nTrain services were till recently regulated by a signalling system operated manually. The efficacy of the system depended entirely on the operator manning it. In the past, services have crashed quite often because of the incompetence of the signalling staff. Passengers could rarely reach their destination on time. The resultant logjam would take hours, even days, to sort out.

At times, harried commuters would even ransack stations and damage railway equipment because trains were inevitably behind schedule. The recently-installed route-relay interlocking system is a boon for passengers. It is computerised and, therefore, less vulnerable to human error. Kudos to the railways for making Howrah a haven for rail travel.

UDAYAN Banerjee,

Hooghly.

nOn the contrary, the much-hyped new system has only succeeded in disrupting train services. During its installation, passengers suffered immensely. After its installation, the hardships continue. Howrah-bound local trains are still held up, sometimes for hours, at the carshed, playing havoc with passengersí schedules. Even long-distance trains donít leave the station on time. The benefits of the new system are yet to be passed on to passengers.

Diptimoy Ghosh,

Salt Lake.

nThis was the first time ever that Howrah station was completely closed for almost two days. But passengers did not complain as they thought the new system would ensure that trains would not have to wait for a platform. But trains are now having to wait longer outside the station Ė the waiting time was earlier around 10 minutes and now it is no less than 20 minutes. So, train services have deteriorated and commuters have actually been inconvenienced by the new facility. Office-goers are being forced to catch an earlier train or be late for office.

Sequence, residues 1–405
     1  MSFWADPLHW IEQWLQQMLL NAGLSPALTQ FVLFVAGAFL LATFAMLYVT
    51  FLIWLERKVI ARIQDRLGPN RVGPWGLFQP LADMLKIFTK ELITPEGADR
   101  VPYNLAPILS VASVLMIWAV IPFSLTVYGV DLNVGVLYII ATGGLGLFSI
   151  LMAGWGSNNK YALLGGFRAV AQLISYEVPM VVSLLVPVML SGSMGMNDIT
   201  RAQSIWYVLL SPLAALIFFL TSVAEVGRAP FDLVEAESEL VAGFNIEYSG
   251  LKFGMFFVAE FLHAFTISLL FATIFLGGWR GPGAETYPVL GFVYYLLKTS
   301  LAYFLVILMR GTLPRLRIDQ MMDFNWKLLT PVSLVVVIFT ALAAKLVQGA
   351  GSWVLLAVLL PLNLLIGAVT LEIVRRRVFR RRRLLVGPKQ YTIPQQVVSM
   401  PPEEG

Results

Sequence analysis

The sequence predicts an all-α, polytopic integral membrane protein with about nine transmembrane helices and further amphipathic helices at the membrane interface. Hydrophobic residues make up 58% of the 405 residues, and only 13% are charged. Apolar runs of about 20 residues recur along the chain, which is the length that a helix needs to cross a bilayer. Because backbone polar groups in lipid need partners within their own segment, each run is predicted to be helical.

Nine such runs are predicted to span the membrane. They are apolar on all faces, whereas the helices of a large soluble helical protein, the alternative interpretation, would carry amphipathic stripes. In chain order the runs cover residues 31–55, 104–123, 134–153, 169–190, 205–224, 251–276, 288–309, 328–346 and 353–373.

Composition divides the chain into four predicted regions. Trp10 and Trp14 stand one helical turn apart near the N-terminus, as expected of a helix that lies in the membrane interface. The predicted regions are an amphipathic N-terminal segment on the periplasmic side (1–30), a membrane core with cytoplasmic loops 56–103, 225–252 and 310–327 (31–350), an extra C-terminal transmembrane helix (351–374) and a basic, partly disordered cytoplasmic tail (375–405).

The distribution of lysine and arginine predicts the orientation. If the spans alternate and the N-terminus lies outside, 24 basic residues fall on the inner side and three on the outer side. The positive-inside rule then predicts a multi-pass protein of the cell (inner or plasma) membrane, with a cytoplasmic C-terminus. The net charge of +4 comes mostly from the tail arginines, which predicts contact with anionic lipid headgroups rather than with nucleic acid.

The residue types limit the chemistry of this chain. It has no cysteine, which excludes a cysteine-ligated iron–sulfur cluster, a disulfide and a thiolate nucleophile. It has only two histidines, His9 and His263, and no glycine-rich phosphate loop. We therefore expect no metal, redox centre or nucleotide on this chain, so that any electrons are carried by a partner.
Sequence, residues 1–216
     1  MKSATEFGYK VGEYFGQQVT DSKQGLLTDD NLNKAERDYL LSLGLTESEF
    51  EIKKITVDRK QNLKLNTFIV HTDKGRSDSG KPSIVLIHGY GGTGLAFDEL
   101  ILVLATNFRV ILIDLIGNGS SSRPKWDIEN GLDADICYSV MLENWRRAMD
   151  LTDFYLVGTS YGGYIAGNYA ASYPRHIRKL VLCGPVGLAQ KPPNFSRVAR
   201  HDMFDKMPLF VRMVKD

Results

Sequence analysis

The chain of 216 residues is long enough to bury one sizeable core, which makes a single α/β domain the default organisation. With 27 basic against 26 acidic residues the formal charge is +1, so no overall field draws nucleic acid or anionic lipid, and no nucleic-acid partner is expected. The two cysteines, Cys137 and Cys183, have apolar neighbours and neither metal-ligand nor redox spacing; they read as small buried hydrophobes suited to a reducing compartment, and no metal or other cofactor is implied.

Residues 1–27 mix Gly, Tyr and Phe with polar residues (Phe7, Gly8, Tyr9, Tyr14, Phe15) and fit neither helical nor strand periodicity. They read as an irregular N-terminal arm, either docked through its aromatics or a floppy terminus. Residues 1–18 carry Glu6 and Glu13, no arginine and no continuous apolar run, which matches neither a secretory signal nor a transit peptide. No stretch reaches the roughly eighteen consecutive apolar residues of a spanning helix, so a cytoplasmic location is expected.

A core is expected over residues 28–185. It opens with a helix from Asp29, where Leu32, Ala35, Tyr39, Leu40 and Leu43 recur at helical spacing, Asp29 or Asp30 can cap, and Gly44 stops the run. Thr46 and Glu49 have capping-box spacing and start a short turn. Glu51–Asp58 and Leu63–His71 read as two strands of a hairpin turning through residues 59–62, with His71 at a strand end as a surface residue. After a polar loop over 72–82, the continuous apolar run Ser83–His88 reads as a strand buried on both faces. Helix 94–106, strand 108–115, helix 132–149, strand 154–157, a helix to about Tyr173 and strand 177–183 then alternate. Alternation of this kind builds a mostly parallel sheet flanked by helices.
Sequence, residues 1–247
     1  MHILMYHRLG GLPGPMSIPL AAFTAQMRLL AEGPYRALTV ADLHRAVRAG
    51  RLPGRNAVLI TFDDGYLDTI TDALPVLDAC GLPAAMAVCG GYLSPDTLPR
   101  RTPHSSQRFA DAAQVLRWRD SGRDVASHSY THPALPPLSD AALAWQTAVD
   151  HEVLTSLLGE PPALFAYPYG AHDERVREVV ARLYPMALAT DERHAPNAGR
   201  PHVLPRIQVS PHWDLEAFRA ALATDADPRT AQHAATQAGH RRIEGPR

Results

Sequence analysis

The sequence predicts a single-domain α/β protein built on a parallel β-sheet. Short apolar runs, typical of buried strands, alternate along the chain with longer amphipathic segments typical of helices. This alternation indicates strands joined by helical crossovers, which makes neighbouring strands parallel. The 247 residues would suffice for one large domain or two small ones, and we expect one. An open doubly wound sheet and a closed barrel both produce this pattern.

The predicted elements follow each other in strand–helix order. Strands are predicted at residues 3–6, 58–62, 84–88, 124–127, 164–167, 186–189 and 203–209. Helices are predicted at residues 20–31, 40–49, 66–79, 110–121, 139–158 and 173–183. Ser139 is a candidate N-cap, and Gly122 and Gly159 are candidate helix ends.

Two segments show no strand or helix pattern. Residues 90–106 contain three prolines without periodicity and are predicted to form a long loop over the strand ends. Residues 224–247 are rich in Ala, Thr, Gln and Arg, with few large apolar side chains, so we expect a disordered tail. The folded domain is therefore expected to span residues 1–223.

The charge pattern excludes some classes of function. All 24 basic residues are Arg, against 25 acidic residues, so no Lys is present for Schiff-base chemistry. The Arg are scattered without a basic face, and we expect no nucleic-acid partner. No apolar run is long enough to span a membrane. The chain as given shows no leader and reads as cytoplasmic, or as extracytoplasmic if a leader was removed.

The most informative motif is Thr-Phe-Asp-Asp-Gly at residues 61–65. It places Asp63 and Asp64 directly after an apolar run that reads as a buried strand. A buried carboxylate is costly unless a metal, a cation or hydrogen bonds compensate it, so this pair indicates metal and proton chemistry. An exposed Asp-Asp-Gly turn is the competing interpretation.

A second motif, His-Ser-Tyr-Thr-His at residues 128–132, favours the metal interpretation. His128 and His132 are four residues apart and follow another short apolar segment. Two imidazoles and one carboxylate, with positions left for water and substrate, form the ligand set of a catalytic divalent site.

tanooka bhadra,

Address not given.

nThe system has failed to steer a turnaround. All local and express trains are made to wait at signal-points for more than half an hour at Howrah station regularly just as it used to be before. Sometimes, commuters walk from the signal-point to the station platform, come rain or shine. The problem is acute for women and schoolchildren.

SANANDA SEN,

Address not given.

nThe recently-installed route-relay interlocking system has definitely bettered services at Howrah station. Trains have become more or less regular and passengers, too, are happy as they are not delayed for office any more.

Joy Chatterjee,

Shyambazar.

nServices are bound to improve with the new system but we will have to wait till it is fully operational. The lack of discipline has been a handicap in implementing the technology so far.

Debasish Chakraborty,

Chitpur.

nThe signalling system has certainly benefited both commuters and the authorities. It has enabled the railway management to steer clear of accidents. If this practice carries on, accidents will not occur.

SUNIL BANERJEE,

VIP Road.

nIt is yet to be seen if the recently-installed route-relay interlocking system will help improve services at Howrah station. Even after the system was installed, local trains were leaving platforms behind schedule, and complete chaos prevailed in the station. The new system was installed to improve services, but I fear passengers are yet to taste its benefits.